def __init__(self, input_nc, output_nc, num_downs, ngf=64, norm_layer=nn.BatchNorm2d, use_dropout=False):

        super(UnetGenerator, self).__init__()
        unet_block = UnetSkipConnectionBlock(ngf * 8, ngf * 8, input_nc=None, submodule=None, norm_layer=norm_layer, innermost=True)

        for i in range(num_downs - 5):
            unet_block = UnetSkipConnectionBlock(ngf * 8, ngf * 8, input_nc=None, submodule=unet_block, norm_layer=norm_layer, use_dropout=use_dropout)

        unet_block = UnetSkipConnectionBlock(ngf * 4, ngf * 8, input_nc=None, submodule=unet_block, norm_layer=norm_layer)
        unet_block = UnetSkipConnectionBlock(ngf * 2, ngf * 4, input_nc=None, submodule=unet_block, norm_layer=norm_layer)
        unet_block = UnetSkipConnectionBlock(ngf, ngf * 2, input_nc=None, submodule=unet_block, norm_layer=norm_layer)
        self.model = UnetSkipConnectionBlock(output_nc, ngf, input_nc=input_nc, submodule=unet_block, outermost=True, norm_layer=norm_layer)

    def forward(self, input):

        return self.model(input)

class UnetSkipConnectionBlock(nn.Module):

    def __init__(self, outer_nc, inner_nc, input_nc=None,
                 submodule=None, outermost=False, innermost=False, norm_layer=nn.BatchNorm2d, use_dropout=False):

        super(UnetSkipConnectionBlock, self).__init__()

        self.outermost = outermost

        if type(norm_layer) == functools.partial:
            use_bias = norm_layer.func == nn.InstanceNorm2d
            use_bias = norm_layer == nn.InstanceNorm2d

        if input_nc is None:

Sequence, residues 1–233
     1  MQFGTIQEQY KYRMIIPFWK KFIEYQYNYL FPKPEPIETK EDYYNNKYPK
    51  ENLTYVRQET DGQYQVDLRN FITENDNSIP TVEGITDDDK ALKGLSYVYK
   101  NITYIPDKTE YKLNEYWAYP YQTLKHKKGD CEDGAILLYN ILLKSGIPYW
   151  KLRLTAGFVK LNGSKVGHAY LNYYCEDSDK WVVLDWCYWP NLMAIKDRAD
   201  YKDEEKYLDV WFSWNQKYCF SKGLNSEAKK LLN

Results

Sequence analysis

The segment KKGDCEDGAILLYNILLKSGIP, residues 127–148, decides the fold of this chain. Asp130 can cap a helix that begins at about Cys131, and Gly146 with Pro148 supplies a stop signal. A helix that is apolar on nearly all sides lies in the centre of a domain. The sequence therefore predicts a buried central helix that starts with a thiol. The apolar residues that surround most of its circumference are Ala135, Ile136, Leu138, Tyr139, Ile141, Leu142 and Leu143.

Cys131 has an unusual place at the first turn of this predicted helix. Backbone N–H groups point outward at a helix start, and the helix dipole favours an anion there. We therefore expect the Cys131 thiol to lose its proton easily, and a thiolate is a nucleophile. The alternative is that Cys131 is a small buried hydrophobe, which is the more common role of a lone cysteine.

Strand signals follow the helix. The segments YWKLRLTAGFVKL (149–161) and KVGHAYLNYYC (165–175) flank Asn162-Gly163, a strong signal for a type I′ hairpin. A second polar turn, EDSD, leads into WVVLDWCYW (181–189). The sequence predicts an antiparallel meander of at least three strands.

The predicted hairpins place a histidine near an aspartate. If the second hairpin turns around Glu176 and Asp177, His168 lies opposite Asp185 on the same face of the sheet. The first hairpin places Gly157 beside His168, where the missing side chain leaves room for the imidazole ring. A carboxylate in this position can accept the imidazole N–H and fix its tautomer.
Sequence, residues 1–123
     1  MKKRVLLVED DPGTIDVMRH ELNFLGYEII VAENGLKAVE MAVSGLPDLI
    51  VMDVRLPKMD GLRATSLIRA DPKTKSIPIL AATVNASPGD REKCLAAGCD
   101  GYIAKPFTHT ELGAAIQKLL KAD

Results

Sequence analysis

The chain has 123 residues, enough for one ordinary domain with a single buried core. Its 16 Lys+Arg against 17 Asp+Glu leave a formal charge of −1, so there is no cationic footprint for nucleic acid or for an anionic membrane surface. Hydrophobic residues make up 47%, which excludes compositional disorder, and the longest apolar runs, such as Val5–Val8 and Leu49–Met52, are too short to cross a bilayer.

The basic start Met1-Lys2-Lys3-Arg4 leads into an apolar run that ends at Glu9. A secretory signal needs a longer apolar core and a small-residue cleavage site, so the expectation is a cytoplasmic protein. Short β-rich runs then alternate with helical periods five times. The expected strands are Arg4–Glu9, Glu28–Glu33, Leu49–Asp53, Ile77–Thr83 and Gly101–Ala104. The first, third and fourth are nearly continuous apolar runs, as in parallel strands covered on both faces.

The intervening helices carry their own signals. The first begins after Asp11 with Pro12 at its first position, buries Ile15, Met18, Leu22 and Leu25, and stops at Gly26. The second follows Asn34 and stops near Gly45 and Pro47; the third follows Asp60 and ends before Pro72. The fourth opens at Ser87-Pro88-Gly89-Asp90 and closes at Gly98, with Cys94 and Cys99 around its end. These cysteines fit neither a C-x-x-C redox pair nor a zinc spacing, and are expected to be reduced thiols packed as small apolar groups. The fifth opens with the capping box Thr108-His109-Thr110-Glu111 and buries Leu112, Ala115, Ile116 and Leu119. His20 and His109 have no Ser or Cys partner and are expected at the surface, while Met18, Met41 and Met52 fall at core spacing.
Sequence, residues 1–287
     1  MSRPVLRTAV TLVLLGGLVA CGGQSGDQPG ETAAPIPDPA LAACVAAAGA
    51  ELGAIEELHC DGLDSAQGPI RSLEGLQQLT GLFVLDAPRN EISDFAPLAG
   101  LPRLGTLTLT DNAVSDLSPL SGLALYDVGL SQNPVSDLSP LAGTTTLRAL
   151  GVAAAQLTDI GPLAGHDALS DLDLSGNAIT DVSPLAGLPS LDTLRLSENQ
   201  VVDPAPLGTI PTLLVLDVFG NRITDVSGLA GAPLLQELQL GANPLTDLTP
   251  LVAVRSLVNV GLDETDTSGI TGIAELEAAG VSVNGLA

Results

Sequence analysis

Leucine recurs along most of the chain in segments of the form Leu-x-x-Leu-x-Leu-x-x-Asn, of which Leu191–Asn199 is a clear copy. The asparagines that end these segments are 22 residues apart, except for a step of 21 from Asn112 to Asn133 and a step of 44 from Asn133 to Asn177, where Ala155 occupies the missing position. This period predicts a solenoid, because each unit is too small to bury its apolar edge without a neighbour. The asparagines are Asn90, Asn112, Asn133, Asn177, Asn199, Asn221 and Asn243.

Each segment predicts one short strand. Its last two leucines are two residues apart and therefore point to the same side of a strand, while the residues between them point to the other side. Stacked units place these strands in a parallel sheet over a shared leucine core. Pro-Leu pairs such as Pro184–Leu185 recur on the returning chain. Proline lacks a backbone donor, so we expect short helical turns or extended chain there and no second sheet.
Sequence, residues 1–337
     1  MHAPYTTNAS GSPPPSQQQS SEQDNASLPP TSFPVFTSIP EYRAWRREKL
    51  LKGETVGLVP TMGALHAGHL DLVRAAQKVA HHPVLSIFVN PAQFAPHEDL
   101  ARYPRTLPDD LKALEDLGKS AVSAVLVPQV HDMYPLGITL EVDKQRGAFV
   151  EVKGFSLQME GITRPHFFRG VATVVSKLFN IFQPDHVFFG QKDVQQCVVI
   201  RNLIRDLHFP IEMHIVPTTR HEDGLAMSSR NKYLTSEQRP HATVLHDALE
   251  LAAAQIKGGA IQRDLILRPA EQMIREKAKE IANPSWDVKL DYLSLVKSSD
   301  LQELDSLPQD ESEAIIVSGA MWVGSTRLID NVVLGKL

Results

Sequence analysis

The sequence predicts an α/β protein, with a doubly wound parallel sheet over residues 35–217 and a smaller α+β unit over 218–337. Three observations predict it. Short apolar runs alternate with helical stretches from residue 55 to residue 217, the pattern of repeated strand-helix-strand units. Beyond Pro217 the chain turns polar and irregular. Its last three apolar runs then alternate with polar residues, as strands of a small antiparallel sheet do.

input_nc = outer_nc

        downconv = nn.Conv2d(input_nc, inner_nc, kernel_size=4,
                             stride=2, padding=1, bias=use_bias)
        downrelu = nn.LeakyReLU(0.2, True)
        downnorm = norm_layer(inner_nc)
        uprelu = nn.ReLU(True)
        upnorm = norm_layer(outer_nc)

        if outermost:
            upconv = nn.ConvTranspose2d(inner_nc * 2, outer_nc,
                                        kernel_size=4, stride=2,
            down = [downconv]
            up = [uprelu, upconv, nn.Tanh()]
            model = down + [submodule] + up

        elif innermost:
            upconv = nn.ConvTranspose2d(inner_nc, outer_nc,
                                        kernel_size=4, stride=2,
                                        padding=1, bias=use_bias)

            down = [downrelu, downconv]
            up = [uprelu, upconv, upnorm]
            model = down + up
            upconv = nn.ConvTranspose2d(inner_nc * 2, outer_nc,
                                        kernel_size=4, stride=2,
                                        padding=1, bias=use_bias)

            down = [downrelu, downconv, downnorm]
            up = [uprelu, upconv, upnorm]

            if use_dropout:
                model = down + [submodule] + up + [nn.Dropout(0.5)]
                model = down + [submodule] + up

        self.model = nn.Sequential(*model)